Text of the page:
The IRS annually adjusts the amount employees are allowed to save in retirement accounts.  Because the adjustment is tied to the Cost of Living Adjustment (and the cost of living has definitely risen with this year’s inflation), typically the amount goes up or stays the same when reviewed.  This could be a good time to think about upping your contribution next year as you budget for 2022.

The IRS recently issued its 2022 Limitations Adjusted as Provided in Section 415(d), etc., which is linked here.  This year, the annual contribution limits to different types of retirement accounts did as expected – rose or stayed the same.  Here are some of the highlights:

  • For employees saving through salary deferral in 401(k), 403(b), and most 457 plans (defined contribution plans) the 2022 savings limit increased to $20,500 from $19,500 with those age 50 and older allowed make an additional $6,500 catch-up contribution. The catch-up contribution limit was unchanged for 2022.  So, if you are under age 50, you can save up to $20,500.  If you are 50 or older, you can save up to $27,000.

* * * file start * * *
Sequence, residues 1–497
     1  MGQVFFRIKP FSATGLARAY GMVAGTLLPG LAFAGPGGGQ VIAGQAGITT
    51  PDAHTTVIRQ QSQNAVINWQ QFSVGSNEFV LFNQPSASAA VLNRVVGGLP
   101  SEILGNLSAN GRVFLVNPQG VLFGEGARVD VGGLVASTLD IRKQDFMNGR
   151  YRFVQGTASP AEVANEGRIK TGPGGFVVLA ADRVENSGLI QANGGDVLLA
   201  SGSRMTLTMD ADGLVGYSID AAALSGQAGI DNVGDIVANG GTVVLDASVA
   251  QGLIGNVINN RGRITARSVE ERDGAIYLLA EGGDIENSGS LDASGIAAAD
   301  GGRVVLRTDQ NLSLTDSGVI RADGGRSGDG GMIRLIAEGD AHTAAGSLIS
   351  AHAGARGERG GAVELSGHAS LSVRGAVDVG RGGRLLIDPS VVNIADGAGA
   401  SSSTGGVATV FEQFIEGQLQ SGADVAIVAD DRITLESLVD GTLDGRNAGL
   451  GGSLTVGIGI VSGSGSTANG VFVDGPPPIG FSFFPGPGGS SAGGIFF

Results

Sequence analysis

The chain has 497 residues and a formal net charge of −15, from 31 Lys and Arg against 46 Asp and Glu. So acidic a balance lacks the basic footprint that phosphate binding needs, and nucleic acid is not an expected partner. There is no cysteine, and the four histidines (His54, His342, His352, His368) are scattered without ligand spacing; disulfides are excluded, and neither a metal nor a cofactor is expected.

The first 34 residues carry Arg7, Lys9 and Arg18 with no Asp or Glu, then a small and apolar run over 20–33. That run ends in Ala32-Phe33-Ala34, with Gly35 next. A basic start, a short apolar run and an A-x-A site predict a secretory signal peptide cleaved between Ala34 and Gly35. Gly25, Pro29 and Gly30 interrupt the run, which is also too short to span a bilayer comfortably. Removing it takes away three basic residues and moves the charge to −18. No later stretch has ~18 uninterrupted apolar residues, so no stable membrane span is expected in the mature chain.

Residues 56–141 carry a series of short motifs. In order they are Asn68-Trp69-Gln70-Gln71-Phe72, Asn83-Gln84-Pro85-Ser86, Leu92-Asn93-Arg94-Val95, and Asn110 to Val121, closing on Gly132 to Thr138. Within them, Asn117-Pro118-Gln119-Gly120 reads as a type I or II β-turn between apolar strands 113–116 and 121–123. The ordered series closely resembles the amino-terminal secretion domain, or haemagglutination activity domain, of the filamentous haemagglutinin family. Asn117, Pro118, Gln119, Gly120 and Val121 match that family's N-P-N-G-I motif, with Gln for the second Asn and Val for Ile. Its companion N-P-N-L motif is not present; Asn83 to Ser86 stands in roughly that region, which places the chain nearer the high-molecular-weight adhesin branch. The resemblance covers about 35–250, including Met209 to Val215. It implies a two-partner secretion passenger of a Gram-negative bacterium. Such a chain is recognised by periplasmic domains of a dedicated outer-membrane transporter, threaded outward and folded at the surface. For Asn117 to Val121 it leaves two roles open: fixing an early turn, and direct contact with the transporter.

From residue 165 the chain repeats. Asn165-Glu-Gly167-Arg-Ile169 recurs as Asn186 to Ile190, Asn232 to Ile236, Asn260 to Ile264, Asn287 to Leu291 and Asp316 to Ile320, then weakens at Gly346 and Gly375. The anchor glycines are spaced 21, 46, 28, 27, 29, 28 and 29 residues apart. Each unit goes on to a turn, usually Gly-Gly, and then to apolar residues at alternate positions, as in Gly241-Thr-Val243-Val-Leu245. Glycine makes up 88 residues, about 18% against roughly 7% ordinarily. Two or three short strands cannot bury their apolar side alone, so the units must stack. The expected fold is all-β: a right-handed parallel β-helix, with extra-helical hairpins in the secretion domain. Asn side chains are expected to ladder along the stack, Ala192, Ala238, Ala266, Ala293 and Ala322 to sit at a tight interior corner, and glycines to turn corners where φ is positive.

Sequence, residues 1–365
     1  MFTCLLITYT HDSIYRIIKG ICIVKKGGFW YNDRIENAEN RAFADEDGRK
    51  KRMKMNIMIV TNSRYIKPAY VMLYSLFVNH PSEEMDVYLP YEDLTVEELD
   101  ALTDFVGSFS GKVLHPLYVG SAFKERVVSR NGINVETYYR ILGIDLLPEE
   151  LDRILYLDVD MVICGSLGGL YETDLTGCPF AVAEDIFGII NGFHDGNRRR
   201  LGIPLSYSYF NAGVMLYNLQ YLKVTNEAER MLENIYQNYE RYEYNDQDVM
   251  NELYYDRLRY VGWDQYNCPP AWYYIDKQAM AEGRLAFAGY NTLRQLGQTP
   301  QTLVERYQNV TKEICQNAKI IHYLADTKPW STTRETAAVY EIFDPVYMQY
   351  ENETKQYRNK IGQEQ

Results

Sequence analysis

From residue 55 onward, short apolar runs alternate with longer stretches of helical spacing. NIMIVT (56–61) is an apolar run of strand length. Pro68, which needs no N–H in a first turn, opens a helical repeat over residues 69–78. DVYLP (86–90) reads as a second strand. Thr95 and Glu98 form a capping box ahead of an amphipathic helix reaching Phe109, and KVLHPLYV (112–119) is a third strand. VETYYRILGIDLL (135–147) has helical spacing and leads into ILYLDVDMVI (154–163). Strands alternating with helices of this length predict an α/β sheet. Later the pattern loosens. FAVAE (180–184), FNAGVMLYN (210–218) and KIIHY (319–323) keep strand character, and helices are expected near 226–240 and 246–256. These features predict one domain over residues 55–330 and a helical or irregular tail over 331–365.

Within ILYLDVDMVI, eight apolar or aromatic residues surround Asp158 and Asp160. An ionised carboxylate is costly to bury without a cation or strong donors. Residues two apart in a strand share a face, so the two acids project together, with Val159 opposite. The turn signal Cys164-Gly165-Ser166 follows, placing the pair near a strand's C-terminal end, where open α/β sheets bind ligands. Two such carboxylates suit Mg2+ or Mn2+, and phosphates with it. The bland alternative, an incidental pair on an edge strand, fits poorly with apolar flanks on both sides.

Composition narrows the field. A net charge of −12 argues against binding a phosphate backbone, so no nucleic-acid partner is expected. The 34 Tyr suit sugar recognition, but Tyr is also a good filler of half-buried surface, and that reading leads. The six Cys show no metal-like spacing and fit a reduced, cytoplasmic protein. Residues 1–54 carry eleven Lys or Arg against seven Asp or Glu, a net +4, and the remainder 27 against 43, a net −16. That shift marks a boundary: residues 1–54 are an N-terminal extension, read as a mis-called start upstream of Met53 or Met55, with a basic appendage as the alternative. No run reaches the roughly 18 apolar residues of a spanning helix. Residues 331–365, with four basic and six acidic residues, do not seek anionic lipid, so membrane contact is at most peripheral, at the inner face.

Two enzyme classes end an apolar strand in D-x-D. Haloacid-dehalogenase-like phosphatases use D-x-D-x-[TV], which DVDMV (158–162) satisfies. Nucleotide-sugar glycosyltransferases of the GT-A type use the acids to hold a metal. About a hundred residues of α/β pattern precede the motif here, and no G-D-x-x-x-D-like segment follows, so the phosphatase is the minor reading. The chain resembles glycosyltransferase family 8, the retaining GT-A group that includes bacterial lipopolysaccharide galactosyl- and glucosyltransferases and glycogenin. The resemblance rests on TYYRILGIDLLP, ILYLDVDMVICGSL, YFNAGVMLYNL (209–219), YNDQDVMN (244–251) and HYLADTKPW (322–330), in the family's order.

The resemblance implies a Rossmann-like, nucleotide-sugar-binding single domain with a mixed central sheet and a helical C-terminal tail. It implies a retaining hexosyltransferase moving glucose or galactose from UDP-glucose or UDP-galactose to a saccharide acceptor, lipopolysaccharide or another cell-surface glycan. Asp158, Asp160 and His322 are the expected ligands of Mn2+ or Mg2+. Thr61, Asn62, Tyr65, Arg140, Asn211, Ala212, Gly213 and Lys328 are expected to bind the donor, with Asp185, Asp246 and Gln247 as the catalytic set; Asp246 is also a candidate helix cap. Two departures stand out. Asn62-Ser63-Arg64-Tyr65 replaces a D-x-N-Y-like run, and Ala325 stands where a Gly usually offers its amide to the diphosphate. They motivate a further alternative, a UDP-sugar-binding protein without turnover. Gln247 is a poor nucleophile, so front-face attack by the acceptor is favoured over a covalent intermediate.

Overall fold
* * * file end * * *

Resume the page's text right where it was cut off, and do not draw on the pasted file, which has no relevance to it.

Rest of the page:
• If your defined contribution plan has a matching or profit sharing component, the maximum amount that can be contributed in 2022 rose to $61,000 from $58,000 with those age 50 and older allowed make an additional $6,500 catch-up contribution. The IRS calculates this maximum by totaling your savings with the contributions put into your account by your employer, which, together, we call all sources.  So, if you are under age 50, the maximum contribution from all sources is $61,000.  If you are 50 or older, the maximum from all sources is $67,500.
  • For SIMPLE Plans, the 2022 savings limit increased to $14,000 from $13,500 with those age 50 and older allowed make an additional $3,000 catch-up contribution. The catch-up contribution limit was unchanged for 2022.  So, if you are under age 50, you can save up to $14,000.  If you are 50 or older, you can save up to $17,000.
  • For IRAs, the 2022 savings limits remained unchanged at $6,000 with those age 50 and older allowed make an additional $1,000 catch-up contribution. The catch-up contribution limit was unchanged for 2022.  So, if you are under age 50, you can save up to $6,000.  If you are 50 or older, you can save up to $7,000.

These are just some of the highlights of the 2022 changes.  I highly recommend you consult your tax professional to make sure you take advantage of these increases to the extent possible from a tax standpoint.  I would also advise talking to your investment advisor to see how you might take advantage of the new maximums through your available retirement savings accounts.

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